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Q&A: "I Have $400K+ in AMT Tax-Free CA Muni Bonds. What's a Good Way to Hedge Against a Rise in Interest Rates?"

Investment Tax

Question and background: 

I have $400K+ in AMT Tax Free CA Muni bonds. With the general expectations that interest rates will rise, what is one way to hedge this position? Or do you recommend some other investment which provides a good 4-6% after tax returns? The bonds have worked well for me over the past 5 years.

Answer: 

Since I'm not aware of your total financial picture, these are ideas for further consideration rather than specific recommendations:

  • Buy Put options on a municipal bond ETF to hedge both an increase in interest rates and a general decline in municipal bond prices

The beauty of this is that 1 option contract controls 100 shares of the underlying investment. You can deploy a relatively small portion of your overall capital for a magnified hedging impact. If what you're hedging doesn't come about, you've lost that premium you paid. But that's OK because you go into this approach with a "portfolio insurance" perspective.

My cursory review indicates the iShares National AMT-Free Muni Bond ETF (symbol: MUB) has options availability. What I don't like about it is they currently go out no further than November 2014. Most of us have been expecting interest rates to rise for about three years now and it hasn't happened. So I'd prefer to buy long-dated Puts (i.e. January 2016). But I don't see any of those available in the muni ETF space and nothing for California muni ETFs.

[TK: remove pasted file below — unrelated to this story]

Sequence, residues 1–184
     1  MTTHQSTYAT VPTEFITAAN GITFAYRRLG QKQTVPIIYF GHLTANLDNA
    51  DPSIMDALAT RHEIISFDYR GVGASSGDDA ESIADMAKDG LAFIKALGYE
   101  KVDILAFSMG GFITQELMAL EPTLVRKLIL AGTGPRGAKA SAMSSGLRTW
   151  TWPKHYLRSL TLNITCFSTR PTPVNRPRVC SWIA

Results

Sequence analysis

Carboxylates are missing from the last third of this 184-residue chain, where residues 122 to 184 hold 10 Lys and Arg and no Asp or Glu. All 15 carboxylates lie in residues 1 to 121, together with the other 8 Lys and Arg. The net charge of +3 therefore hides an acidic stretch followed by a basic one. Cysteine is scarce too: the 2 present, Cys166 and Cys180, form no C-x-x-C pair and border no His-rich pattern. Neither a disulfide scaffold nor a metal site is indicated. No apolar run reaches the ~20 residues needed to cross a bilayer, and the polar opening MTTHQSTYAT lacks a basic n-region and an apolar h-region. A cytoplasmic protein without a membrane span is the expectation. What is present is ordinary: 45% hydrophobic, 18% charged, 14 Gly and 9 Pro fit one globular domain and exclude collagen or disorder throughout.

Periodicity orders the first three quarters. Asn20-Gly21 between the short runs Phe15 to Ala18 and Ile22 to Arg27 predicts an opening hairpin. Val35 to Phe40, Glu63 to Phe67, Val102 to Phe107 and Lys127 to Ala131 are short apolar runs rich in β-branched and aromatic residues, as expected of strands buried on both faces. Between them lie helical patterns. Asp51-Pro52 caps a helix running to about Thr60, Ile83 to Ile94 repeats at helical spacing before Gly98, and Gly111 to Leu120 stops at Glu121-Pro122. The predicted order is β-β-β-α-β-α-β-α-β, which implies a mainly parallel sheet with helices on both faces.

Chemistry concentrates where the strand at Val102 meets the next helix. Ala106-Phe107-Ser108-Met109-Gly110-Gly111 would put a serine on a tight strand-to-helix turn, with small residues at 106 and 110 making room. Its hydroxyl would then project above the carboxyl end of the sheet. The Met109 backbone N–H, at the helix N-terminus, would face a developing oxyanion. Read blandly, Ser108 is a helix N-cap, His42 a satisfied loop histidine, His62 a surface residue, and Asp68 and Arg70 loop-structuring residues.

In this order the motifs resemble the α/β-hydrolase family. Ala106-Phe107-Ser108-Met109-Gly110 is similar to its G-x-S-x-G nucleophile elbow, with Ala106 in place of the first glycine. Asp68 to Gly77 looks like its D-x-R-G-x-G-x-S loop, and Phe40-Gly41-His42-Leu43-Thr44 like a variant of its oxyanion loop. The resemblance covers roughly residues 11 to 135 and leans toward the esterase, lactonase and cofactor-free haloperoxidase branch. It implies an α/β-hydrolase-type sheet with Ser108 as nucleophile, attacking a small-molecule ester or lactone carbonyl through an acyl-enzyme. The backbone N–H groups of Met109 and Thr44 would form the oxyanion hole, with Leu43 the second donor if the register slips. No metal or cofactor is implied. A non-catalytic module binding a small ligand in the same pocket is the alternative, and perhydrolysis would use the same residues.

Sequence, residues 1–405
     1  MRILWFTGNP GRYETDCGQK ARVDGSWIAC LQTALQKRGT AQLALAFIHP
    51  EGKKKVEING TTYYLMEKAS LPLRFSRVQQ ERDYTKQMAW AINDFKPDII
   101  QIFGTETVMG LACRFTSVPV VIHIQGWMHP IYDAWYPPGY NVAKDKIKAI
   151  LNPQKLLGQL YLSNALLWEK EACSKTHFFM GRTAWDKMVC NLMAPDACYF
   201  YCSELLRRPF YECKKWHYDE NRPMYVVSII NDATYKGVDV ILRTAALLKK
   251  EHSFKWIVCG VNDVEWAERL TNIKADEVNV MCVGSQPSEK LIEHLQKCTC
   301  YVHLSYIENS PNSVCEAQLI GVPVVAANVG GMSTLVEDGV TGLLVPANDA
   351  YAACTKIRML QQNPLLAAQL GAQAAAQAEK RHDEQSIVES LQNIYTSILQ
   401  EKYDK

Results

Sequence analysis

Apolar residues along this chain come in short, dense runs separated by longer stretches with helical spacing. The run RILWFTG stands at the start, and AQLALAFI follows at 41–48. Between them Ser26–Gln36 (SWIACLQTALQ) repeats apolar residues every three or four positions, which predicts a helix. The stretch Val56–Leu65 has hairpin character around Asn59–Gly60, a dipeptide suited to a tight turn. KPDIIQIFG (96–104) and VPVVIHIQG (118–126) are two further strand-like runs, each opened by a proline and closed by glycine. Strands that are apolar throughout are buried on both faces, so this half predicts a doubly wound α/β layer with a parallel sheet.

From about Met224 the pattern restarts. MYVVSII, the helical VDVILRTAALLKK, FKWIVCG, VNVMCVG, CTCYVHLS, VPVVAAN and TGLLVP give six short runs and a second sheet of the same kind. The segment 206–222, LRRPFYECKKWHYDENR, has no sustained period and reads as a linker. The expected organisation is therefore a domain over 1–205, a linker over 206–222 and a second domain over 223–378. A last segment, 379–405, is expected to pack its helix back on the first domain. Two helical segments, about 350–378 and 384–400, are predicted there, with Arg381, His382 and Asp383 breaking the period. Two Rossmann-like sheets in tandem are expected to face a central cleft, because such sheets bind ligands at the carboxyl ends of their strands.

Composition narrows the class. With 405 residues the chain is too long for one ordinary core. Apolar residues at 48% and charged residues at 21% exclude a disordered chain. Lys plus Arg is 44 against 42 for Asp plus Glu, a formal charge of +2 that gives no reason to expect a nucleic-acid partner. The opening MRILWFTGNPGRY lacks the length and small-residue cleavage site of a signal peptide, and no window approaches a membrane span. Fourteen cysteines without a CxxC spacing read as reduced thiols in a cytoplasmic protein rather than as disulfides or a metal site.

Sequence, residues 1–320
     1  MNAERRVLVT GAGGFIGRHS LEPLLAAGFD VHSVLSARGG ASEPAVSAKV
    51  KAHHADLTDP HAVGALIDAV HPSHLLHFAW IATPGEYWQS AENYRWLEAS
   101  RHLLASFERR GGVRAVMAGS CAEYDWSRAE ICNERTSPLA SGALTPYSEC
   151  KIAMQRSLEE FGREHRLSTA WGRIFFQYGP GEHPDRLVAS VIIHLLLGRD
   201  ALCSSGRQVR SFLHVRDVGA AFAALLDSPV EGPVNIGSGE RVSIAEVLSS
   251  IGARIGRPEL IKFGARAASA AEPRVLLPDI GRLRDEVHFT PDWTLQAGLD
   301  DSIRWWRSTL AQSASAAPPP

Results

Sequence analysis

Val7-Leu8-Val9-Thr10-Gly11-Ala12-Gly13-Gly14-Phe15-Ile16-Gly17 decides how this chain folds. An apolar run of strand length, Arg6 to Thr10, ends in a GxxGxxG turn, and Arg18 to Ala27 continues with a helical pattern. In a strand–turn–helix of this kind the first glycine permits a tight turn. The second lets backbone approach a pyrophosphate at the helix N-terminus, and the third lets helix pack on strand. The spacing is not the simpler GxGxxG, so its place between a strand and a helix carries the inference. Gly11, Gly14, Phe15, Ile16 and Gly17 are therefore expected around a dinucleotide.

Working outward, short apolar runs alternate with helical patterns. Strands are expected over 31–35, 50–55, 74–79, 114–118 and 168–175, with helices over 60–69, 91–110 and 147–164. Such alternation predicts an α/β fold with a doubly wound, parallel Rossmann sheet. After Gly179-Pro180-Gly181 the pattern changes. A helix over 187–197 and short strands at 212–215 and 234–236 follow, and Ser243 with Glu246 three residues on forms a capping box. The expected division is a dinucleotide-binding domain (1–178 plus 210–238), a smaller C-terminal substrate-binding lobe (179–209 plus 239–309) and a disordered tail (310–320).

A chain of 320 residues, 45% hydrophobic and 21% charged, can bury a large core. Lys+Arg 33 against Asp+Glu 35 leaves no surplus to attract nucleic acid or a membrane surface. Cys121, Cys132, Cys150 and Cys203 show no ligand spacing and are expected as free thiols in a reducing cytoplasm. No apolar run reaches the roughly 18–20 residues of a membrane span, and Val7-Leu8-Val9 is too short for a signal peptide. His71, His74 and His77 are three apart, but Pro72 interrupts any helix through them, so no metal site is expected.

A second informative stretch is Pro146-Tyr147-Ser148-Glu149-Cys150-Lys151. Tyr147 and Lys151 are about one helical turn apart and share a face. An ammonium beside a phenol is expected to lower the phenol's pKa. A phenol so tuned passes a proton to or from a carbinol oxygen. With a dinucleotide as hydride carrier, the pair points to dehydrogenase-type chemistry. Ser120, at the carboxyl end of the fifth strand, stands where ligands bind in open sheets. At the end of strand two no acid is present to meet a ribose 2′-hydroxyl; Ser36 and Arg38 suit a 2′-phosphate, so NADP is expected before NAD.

• Buy Put options on a long-term Treasury bond ETF to hedge an increase in interest rates

The same interest rate increase that would harm municipal bonds will also harm Treasuries. And the longer-dated they are, the bigger the negative impact. Since interest rate hedging is the primary concern, it doesn't really matter that you're not also hedging specifically for municipal exposure. 

An example (not recommendation) is the iShares 20+ Year Treasury ETF (symbol: TLT). And the beauty of this vehicle is not only are the bonds long-dated, but you can currently buy options contracts out to January 2016.

  • Sell some of your current California municipal bonds and buy a "defined maturity" municipal bond ETF

First off, be aware that you may trigger capital gains in the liquidation. And if you trigger capital losses, be mindful of the 30-day "wash sale" rule.

I'm not an iShares "groupie" but, once again, they offer a number of national AMT-free municipal bond ETFs with defined maturities (i.e. 2016, 2017, and so forth). The potential advantage with these is the bonds will mature in the indicated year. So that potentially mitigates interest rate risk if you hold the fund to maturity vs. a standard muncipal bond ETF or mutual fund which will be frequently rotating their bond holdings. Credit risk of the underlying bonds will still be a consideration. And since these are national funds, you won't get the California tax benefit.

  • Forget hedging and simply reduce exposure at this time

Same potential capital gain issues as noted above. With this strategy, you'd simply bite the bullet and sell some (you decide the percentage) of your municipal bond portfolio. Then painfully sit in cash or very short-term bond funds earning hardly any interest and wait for interest rates to rise so you can buy back in at better prices.

As indicated above, some of us have been expecting some rise in interest rates for around three years now. If you moved too much to cash or short-term bonds and we have another three years of interest rates like the last three, you'll have "lost opportunity cost" in missing out on the bond yields you're currently enjoying. Of these four ideas, I favor #2 and then #4 (or some of both). 

Hope that helps.